Press release: For immediate release
Date: 10 February 2021
Transactions down in January after December’s surprise recovery
The South African economy remains in a volatile state, as indicated in the latest BankservAfrica data, which shows economic transactions underwent its steepest decline in January 2021 after a surprising increase in December.
“In January 2021, the BankservAfrica Economic Transaction Index (BETI) recorded a reading of 121.4,” says
Shergeran Naidoo, BankservAfrica’s Head of Stakeholder Engagements. “This follows from the stronger month in December 2020 that saw the value of transactions increasing by 1.8%, but declining by 2.3% just one month later.”
The monthly decline in January was the fourth steepest decline in the last five years. Only April, May and June 2020 – the months of the hard lockdown – posted sharper declines.
“As we can see from the numbers, the transactions were under more pressure in January as the stricter lockdown measures and the COVID-19 second wave took a toll on the economy, businesses and consumers,” says Mike Schüssler, Chief Economist at Economists.co.za. “The good news is that the quarterly data, at 2.7%, is not yet negative. Still, the 1.3% year-on-year headline BETI decline is significant, especially being the biggest decline in the last five months.”
The slowdown in January was also apparent in the volume of transactions, which declined by 2.5% year-on-year while the standardised nominal value showed no change. Meanwhile, the real average value per transaction fell for the 13th consecutive month. “We believe this indicates that electronic payments are being used by smaller role players as the real value per transaction has been slowing down in the last 10 years,” explains Naidoo.
It seems that unlike November’s Black Friday and Cyber Monday’s dismal sales, shopping picked up slightly in December due to the pent-up consumer demand. The demand fell in January as the stricter lockdown ban kicked in.
“While we do not know what the outcome will be in the coming months, we believe the months of big declines then large rebounds in the South African economy are now behind us. We expect the economy’s movements to stabilise and that the post-pandemic trends will become clearer in the coming months,” says Schüssler.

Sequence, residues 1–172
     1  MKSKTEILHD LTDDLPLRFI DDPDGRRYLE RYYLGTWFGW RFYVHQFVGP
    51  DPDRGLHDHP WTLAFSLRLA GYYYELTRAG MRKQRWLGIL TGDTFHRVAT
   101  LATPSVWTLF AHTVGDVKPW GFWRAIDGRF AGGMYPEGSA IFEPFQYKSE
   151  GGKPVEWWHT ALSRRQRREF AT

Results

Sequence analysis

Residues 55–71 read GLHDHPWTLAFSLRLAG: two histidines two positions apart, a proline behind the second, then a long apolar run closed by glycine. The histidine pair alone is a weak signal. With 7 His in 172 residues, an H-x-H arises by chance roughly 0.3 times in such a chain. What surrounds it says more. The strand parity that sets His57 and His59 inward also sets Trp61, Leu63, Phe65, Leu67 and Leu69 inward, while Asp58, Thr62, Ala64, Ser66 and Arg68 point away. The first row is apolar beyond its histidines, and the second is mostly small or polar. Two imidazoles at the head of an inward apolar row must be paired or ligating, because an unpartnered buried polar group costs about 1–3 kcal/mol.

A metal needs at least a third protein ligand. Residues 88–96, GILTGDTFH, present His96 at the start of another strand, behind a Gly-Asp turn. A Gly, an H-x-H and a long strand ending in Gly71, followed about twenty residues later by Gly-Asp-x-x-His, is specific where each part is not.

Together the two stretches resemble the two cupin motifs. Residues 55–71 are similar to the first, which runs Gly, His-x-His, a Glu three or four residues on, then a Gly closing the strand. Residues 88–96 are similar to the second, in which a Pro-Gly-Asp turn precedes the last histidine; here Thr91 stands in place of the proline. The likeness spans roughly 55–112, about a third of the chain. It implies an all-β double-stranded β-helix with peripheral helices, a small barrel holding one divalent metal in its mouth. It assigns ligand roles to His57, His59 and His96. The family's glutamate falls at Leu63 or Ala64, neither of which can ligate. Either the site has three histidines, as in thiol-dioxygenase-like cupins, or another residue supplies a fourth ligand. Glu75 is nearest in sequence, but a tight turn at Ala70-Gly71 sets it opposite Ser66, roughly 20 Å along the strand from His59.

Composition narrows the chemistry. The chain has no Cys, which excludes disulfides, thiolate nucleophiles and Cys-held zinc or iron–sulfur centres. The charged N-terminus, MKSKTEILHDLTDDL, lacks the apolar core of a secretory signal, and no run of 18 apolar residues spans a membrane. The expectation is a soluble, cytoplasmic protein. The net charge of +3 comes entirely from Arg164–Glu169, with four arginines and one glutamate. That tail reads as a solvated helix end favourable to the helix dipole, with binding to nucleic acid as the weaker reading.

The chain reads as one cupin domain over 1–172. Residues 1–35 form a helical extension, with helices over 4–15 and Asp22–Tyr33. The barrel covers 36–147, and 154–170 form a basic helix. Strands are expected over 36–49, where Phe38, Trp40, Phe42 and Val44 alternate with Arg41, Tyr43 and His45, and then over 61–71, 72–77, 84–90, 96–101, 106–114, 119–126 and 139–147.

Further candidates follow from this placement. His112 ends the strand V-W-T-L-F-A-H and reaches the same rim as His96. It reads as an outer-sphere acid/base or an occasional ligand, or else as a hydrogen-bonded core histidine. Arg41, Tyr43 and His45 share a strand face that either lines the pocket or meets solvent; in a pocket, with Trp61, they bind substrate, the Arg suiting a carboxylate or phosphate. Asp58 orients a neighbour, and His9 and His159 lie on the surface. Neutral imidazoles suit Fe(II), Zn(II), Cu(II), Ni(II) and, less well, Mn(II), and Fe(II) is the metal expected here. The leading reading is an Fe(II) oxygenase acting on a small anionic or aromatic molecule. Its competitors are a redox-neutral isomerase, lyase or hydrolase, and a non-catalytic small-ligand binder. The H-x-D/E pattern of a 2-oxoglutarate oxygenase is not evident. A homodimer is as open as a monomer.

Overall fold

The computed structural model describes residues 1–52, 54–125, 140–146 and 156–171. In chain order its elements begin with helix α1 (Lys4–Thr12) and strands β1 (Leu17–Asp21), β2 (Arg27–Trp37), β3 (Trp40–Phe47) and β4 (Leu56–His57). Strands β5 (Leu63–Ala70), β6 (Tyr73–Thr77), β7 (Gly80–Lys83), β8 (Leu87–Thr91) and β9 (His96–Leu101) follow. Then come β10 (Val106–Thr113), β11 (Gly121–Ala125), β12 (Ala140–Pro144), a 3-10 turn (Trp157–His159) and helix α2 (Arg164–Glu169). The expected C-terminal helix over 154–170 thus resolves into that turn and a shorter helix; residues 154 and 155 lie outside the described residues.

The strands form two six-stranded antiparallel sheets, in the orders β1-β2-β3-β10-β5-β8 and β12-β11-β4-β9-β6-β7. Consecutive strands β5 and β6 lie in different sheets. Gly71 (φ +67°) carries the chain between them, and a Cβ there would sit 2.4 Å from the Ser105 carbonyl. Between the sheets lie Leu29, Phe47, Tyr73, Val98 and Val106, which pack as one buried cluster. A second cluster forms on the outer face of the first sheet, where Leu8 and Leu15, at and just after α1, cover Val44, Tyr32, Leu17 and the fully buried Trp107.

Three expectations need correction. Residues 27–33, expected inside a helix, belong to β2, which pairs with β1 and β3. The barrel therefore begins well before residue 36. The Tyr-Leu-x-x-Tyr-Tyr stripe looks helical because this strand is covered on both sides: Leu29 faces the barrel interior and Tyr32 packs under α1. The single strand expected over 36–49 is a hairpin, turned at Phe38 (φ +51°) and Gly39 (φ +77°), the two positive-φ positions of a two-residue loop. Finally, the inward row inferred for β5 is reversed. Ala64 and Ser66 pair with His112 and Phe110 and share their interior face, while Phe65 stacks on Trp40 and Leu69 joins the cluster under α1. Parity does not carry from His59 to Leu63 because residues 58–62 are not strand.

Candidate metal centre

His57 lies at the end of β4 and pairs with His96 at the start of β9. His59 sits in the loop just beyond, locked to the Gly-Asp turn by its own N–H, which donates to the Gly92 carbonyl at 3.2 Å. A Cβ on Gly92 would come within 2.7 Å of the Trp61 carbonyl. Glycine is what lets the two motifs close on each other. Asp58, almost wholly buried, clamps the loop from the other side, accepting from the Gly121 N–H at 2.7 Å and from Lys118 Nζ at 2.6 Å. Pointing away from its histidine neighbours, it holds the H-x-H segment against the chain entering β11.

Payments after cheques
On 31 December 2020, cheques as a payment instrument came to an end in South Africa. The BETI data, meanwhile, points to a bigger increase in overall electronic credit transfers as well as continuing, strong growth for Real-Time Clearing (RTC) payments. “This could have to do with cheque payments changing to electronic credit transactions over the past few years. Another factor could be RTC that has grown faster than any other method of electronic payments,” says Naidoo.
In contrast, electronic debits have only shown positive nominal growth of 25% over the last two years. “In the current economic climate, this could be a reflection of consumers and businesses who are reluctant to take on new contract commitments of loans, leases, contracts for mobile phones, satellite television, vehicle tracking and so forth,” says Naidoo.
Contact Leigh-Anne Sa Joe for more information: Leigh-AnneS@Bankservafrica.com or (011) 497 4347.
Notes to the Editor:
The BETI stands for the BankservAfrica Economic Transaction Index. BankservAfrica is a payment enabling organisation operating between the various South African banks with a very secure messaging environment in place. Economists.co.za is an economic consultancy that helped develop the BETI.
The BETI is a very fast and broad overview of current economic trends over a broad range of sectors, making use of economic transactions as captured by BankservAfrica. Like the Swift Index, the BETI is considered a “now-cast” number as a result of its speedy ability to convey the overall economic conditions to the market. Where most economic indicators can take anything between 38 and 76 days to become public knowledge, now-cast indicators take less than a month after the facts were revealed to come to the market.